Ever notice that it's nearly impossible to sprint at max speed on a treadmill?

This week I wrote about how refrigerator design reflects (and influences) what we eat.  Well, so too with our gyms.  The rows and rows of treadmills and ellipticals are a sign of our chronic cardio habit — and the treadmill itself reinforces the habit by making it hard to do anything other than jog in a straight line at a moderate pace.  Spend too many years in a gym and you almost forget that sprinting is even an option.

I actually sprint on a treadmill sometimes.  Other people in the gym get nervous because nobody ever sprints on a treadmill.  There must be rules against such a thing!  They get worried that I'll wipe out.  And I do hold back just a little, just in case I don't find the Stop button on the first try.  (But only a little.)

Probably better to just go to the park and do some sprints.  Of course, I rather enjoy blasting the zombie joggers out of their treadmill stupor.


9 Responses to “It’s hard to sprint on a treadmill”

  1. joshua says:

    In the early days of CrossFit NYC, before we had a space of our own, we used to co-locate inside of other gyms in the city.

    At one such gym, we used to play a game where we’d rev the treadmill up to the maximum 12mph, and take turns running on it as long as we could, until we’d literally go shooting off the back of the treadmill, unable to keep up.

    For some reason, they didn’t like us very much there.

  2. Samantha Moore says:

    I sprint on the treadmill every time I go to the gym.  I sprint in Vibrams, too.  I push the button over and over until my feet go as fast as they can go, and the machiine makes a loud whirring machine noise, and I’m running so fast I could wipe out pretty bad, but then I pretend I’m chasing a kudu across a savanna and I’m HUNGRY, and that’s why I’m running so goddamned fast.  I like using the treadmill that way, even if other people look at me.

  3. Luke Sconzo says:

    Pheeeeeew! I’m glad to hear I’m not the only one! I actually just attempted a treadmill sprint two days ago after a workout, but the treadmill I was on didn’t really get fast enough (it only went up to 10.0, or  a 6 minute mile). I also tried this at school, and like you, I definitely felt out of place amidst the hordes of zoggers. Keep blastin’ away, John!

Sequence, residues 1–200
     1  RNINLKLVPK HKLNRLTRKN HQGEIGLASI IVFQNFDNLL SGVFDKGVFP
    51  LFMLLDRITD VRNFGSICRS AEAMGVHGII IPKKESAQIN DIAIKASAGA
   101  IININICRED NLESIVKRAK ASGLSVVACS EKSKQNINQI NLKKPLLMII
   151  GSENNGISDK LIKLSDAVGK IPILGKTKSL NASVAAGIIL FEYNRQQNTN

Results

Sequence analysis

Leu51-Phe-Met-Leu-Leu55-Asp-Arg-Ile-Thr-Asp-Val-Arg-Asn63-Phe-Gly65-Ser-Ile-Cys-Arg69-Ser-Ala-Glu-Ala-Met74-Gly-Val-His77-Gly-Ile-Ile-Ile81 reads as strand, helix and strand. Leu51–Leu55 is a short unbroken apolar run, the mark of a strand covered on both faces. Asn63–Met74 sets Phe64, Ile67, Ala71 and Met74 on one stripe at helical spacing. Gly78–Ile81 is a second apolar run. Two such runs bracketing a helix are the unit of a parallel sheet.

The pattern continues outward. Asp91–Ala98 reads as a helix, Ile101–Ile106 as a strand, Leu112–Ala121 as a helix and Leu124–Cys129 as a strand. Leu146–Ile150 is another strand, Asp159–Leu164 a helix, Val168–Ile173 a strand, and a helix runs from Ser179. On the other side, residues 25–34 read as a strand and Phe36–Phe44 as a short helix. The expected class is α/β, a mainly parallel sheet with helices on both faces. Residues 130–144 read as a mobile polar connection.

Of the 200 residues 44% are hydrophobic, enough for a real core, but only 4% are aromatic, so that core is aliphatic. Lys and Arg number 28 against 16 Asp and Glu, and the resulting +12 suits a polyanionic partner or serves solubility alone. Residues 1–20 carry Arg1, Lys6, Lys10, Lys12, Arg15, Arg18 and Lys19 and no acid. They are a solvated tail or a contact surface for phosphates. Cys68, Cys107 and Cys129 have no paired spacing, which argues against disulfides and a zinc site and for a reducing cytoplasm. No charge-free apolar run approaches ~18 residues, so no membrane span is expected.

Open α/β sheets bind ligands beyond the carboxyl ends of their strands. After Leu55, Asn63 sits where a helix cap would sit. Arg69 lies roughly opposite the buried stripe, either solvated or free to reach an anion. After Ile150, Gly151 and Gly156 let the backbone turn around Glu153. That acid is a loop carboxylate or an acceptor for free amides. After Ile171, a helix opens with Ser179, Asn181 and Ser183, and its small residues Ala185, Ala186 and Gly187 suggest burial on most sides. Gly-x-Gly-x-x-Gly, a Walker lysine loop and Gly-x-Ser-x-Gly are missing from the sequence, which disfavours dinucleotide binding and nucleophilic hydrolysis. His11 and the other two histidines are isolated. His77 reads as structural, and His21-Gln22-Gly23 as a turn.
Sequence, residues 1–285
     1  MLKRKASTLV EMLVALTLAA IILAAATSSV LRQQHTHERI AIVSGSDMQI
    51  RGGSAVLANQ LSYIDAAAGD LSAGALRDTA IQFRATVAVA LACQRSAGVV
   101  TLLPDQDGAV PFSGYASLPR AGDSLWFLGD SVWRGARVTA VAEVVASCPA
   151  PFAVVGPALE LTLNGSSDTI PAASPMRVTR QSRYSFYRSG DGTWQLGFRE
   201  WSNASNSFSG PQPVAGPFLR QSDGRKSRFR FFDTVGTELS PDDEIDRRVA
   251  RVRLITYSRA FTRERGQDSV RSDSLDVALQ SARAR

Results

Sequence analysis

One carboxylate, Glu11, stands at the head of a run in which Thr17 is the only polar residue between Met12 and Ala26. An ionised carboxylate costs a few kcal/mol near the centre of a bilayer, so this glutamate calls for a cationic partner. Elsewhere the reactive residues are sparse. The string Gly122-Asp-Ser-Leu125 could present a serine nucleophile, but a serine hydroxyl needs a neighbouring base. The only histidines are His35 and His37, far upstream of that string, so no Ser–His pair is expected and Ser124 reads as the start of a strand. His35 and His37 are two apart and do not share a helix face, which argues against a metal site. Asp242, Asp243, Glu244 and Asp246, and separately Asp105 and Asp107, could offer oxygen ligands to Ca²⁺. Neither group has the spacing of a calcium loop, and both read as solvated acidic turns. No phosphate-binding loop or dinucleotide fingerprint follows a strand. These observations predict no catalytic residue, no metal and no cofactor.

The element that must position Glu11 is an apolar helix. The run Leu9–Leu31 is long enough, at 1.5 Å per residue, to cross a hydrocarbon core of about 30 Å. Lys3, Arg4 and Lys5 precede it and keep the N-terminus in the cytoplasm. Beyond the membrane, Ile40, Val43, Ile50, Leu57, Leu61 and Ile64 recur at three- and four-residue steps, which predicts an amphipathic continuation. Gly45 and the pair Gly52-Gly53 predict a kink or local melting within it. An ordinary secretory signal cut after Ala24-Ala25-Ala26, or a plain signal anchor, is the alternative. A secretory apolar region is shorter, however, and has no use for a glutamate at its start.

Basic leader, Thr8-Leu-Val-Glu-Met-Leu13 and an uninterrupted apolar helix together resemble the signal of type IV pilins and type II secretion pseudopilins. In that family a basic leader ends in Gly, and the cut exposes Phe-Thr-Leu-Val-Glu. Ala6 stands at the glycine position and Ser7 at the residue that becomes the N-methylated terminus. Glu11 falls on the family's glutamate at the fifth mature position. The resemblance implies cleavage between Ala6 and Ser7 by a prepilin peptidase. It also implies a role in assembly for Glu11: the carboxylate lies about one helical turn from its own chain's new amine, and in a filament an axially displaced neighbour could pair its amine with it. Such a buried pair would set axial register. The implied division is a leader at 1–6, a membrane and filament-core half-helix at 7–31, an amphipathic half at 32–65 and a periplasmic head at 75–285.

4. darnell says:

    just some random thoughts on sprinting on a treadmill…

    * i hate it… tried it – but much rather suit up and do them outside (despite hot/wet/cold weather…)

    * folks that look usually come from these schools of thought:

    - he’s going to hurt when he falls off

    - don’t understand the benefits of interval training vs. long slow distance (lsd) training

    - are distance runners and are probably thinking, "he won’t be able to keep that up for long"… no i have nothing against distance runners (i’m training for a marathon myself), but their focus is usually on "getting in the mileage" – eg. people are more impressed with someone saying, "I ran 10M today" vs. "I ran 5x1M or 12x400m repeats" – the latter often being way more punishing (but just doesn’t sound impressive… usually the spoken/unspoken response is, "but you get to rest in between sets?")

    • John says:

      Yeah, true.

      I often do intervals / circuits of a quarter mile (or less) and pull-ups. And do a handful of those. Sweating more in 10 minutes than most people do in an hour.

  5. Haig says:

    I love the sound the treadmill makes when I sprint–as if it’s about to take off.  By the time I’m done with my session I’ll know I’ve done a good job when the two treadmills to the left and right of mine are empty and all others are in use!

  6. Gordon says:

     Here’s another variation: try sprinting on an elliptical machine.   Your neighbors will give you a wide berth when you get up around 280 strides per minute.    

    Aside from being essential to those of us whose knees can’t take the impact of running anymore, it gives you a more precise reading of exactly how much speed and power you’re gaining (or not).  You’re not guessing whether you can keep up to a certain belt speed, you’re pushing it to your top speed and getting a "strides per minute" reading (plus resistance) you can  compare from work out to work out.

    After years of being stuck at my 1-hour chronic  cardio max,  I started doing 30 second elliptical sprints followed by a minute rest, eight to ten times, or until I could no longer maintain a speed 10 strides per minute below my top speed.

    Doing this once a week, I’ve gone from 180-190 to 270-280 spm in a few months, watching my maximum ratchet up 5 to 10 spm every single week.     This week I experimented with a three day rest and for the first time made no gains in speed.   Point is, it gives you a very precise measure for assessing your progress.  

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